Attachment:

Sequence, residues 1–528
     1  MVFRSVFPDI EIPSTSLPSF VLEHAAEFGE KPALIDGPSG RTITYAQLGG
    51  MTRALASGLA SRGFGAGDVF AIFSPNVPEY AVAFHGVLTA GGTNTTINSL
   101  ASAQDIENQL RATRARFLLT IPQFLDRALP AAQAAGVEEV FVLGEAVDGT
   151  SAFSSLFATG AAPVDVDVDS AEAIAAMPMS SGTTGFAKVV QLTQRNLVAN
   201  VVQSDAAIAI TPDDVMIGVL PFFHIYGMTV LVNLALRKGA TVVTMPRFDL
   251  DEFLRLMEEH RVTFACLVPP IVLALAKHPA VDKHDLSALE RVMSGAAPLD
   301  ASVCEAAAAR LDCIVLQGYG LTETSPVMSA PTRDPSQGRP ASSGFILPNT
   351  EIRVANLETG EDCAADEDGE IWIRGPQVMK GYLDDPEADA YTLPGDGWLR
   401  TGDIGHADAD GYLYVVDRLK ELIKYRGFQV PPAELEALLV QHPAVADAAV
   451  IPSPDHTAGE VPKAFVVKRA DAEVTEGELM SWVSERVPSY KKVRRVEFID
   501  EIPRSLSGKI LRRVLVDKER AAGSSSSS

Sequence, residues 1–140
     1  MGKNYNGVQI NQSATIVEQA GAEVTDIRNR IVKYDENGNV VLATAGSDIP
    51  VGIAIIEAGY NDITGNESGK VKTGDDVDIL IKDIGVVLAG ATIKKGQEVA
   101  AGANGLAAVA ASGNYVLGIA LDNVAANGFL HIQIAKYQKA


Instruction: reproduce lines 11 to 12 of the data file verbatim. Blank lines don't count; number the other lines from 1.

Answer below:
   451  IPSPDHTAGE VPKAFVVKRA DAEVTEGELM SWVSERVPSY KKVRRVEFID
   501  EIPRSLSGKI LRRVLVDKER AAGSSSSS